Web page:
13' Scamp bed problem - Page 2 - Fiberglass RV


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Old 07-28-2015, 04:31 PM   #15
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Name: Gordon
Trailer: 2015 Scamp (16 Std Layout 4) with '15 Toyota Sienna LE Tug
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Originally Posted by floyd View Post
There's that fiberglass urban myth again, anyway it is a very easy conversion for a standard, which can be done in one day with ordinary hand tools.
Well the only data I have seen on the weight (real world spreadsheet) has only one 16 DLX and it was a few hundred lbs more.. but who knows why. The 13 DLXs were actually lighter I think, so I will accept your word about it being a myth.

The money however is not a myth.. and still an obstacle.

When I get ready to convert the sofa/bunk to a table I might have to call on you for advice. None of the user mods I have seen are as nice as the one in the DLX that you showed above and I would like to do as good a job as possible, maybe even keep it so one bunk could be made up.
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Old 07-28-2015, 05:22 PM   #16
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I tossed my table for the same reason - too hard on the back, and the hinge connected to the wall was distressed, ready to break.

I use a three piece folding varnished wood insert that fits between the two sofas. The three pieces are hinged so that each piece folds into the center piece. Unfolded, they are perfect bed foundation. Folded, it's width fits perfectly between the two sofas. It serves as a bench or a "coffee table".
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Old 07-28-2015, 05:27 PM   #17
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Quote:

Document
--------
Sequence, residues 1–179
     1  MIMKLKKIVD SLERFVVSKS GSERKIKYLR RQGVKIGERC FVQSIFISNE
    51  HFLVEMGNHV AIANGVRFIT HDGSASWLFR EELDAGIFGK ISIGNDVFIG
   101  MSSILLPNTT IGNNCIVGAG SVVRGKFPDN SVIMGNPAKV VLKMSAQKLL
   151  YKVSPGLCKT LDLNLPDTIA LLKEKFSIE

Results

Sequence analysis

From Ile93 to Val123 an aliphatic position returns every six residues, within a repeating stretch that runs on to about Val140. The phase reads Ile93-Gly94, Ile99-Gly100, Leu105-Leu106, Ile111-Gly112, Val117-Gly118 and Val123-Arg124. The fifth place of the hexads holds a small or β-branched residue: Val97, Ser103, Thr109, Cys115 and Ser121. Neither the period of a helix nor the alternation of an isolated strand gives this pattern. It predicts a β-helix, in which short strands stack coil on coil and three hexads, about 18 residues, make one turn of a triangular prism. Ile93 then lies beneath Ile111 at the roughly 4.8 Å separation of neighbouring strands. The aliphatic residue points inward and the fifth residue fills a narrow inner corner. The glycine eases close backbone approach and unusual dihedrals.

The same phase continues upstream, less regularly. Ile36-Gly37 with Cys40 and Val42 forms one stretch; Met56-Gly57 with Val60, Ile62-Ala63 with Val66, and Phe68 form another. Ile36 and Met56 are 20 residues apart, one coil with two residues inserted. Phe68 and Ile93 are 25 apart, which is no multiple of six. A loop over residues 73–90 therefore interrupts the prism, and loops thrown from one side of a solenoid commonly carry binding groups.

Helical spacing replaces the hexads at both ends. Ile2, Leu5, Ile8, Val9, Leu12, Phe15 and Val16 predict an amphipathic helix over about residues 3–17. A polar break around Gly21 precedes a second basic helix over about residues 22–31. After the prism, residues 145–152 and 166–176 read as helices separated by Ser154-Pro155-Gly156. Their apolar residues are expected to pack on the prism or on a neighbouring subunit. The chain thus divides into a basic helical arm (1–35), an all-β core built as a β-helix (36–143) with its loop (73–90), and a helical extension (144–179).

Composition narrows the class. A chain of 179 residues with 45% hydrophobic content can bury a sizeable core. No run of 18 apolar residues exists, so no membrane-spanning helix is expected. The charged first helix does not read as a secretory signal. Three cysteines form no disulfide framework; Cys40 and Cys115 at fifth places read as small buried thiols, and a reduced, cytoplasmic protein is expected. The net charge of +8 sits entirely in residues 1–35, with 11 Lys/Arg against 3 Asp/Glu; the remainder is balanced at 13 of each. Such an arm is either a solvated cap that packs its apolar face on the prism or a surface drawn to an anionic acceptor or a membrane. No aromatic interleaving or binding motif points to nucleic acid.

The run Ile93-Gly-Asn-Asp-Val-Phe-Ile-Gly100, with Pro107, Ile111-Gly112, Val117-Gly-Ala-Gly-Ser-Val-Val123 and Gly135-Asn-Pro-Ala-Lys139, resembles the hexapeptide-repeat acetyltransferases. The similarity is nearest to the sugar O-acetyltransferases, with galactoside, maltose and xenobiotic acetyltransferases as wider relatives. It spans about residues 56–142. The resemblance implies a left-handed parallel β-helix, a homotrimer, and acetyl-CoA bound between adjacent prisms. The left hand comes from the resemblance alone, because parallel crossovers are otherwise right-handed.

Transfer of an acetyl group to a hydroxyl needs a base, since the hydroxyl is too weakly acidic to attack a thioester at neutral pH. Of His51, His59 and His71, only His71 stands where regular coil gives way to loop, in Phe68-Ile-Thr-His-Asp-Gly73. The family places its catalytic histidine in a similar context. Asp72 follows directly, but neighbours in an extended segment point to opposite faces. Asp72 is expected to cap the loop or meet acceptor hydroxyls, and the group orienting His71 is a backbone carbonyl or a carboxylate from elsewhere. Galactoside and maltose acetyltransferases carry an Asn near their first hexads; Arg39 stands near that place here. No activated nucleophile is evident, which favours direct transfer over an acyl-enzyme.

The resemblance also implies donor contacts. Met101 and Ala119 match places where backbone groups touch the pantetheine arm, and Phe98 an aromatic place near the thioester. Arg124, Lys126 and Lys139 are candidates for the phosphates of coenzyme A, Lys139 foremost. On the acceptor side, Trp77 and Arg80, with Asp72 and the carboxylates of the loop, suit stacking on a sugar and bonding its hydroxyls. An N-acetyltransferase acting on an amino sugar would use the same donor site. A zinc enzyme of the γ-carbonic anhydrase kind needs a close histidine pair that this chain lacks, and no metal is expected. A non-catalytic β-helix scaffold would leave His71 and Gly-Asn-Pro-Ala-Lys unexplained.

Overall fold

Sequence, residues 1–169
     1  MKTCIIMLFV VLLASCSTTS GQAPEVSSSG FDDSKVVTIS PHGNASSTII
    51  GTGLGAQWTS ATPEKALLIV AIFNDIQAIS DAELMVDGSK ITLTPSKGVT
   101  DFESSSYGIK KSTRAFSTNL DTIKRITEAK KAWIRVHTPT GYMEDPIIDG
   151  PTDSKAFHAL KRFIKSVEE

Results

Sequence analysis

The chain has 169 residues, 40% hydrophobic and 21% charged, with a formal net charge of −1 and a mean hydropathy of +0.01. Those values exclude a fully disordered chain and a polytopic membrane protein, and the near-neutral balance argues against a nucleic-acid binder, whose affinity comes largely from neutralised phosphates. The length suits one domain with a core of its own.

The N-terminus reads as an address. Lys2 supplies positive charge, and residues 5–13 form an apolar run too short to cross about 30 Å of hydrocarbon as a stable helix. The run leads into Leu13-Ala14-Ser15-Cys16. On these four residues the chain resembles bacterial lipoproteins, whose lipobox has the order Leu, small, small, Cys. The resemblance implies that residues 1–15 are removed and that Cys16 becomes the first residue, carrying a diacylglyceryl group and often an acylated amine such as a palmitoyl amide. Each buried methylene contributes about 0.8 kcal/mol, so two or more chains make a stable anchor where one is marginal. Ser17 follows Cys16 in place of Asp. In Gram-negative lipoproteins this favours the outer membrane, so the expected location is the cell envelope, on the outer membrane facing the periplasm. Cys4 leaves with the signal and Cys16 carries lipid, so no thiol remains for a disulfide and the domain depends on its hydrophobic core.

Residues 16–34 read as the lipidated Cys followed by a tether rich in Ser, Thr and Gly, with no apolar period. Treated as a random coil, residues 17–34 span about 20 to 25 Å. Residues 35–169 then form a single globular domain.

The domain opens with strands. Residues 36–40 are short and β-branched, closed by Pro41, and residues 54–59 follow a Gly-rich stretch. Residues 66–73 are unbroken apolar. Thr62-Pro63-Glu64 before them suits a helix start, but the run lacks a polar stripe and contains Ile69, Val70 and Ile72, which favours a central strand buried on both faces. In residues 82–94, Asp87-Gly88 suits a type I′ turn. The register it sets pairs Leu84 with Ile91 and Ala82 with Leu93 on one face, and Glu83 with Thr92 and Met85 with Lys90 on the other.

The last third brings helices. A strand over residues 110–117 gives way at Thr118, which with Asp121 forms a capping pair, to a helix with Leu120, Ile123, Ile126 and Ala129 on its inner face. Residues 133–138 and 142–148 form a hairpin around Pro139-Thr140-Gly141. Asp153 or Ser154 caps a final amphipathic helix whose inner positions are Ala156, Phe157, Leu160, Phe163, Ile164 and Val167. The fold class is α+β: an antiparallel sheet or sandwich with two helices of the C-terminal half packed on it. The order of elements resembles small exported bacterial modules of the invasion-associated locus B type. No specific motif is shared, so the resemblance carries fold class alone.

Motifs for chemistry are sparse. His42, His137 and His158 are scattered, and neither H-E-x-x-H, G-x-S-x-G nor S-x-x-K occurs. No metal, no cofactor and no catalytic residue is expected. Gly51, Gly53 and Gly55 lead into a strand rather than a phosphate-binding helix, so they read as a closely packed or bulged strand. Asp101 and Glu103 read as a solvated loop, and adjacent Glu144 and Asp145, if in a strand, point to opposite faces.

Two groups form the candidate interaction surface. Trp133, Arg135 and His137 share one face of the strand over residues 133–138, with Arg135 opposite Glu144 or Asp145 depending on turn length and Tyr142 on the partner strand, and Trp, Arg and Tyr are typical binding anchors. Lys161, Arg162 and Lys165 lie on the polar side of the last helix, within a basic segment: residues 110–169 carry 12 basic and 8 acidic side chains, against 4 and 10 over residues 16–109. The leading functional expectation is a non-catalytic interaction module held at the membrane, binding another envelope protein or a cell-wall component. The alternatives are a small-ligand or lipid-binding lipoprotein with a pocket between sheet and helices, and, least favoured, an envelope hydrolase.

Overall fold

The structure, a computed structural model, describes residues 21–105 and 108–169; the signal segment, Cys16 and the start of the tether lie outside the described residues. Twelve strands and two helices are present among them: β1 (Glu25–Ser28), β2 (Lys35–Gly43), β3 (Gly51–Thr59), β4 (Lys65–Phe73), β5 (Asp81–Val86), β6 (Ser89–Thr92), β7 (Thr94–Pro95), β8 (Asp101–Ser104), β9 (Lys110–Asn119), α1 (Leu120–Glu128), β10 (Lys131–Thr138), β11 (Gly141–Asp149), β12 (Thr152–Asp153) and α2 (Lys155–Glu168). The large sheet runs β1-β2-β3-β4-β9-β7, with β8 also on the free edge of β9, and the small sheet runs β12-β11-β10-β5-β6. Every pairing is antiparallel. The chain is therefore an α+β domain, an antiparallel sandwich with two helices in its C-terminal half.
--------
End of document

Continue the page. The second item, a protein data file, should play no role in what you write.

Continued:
Originally Posted by gordon2 View Post
Well the only data I have seen on the weight (real world spreadsheet) has only one 16 DLX and it was a few hundred lbs more.. but who knows why. The 13 DLXs were actually lighter I think, so I will accept your word about it being a myth.

The money however is not a myth.. and still an obstacle.

When I get ready to convert the sofa/bunk to a table I might have to call on you for advice. None of the user mods I have seen are as nice as the one in the DLX that you showed above and I would like to do as good a job as possible, maybe even keep it so one bunk could be made up.
The money side can also fool ya. It depends on what options you choose.
The Deluxe interior does cost more but it comes with some niceties and choices not available on the Standard. Also some options are included which are extra cost on the standard. Depending on what you want, the end cost of the Deluxe option can be mitigated by nearly half.
My advice is to price it both ways when you get down to purchase, then make your decision.
Unless of course you really like one over the other, then buy what you like the best.
Honestly if there is a bit of a budget stretch involved then buy what you really like then add a couple of items later.
You can't easily convert a standard to a deluxe, but you can save on the intial investment by getting A/C prep (free I think) instead of A/C or get the awning later for example. There's a couple thousand$ postponed.

After eleven years My Scamp Deluxe has paid for itself repeatedly and I have never looked at it even once and thought... If only I had....
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Old 07-28-2015, 06:09 PM   #18
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Great ideas, I never thought such a conversion can be done. Love that idea. The table is heavy - not sure why it was made like that - there's got to be a lightweight alternative that would be strong enough to eat/sleep on. Though I understand price is also a consideration Scamp most likely needed to keep in mind. Anyone have any ideas on economical lightweight table/sleep board? Ours is a bit warped and will need changing out until we get brave enough to convert front bench into dinette.
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Old 07-28-2015, 06:26 PM   #19
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See my comment above about a 3-piece folding sleep board...it was hand-made.
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Old 07-28-2015, 06:39 PM   #20
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Name: RogerDat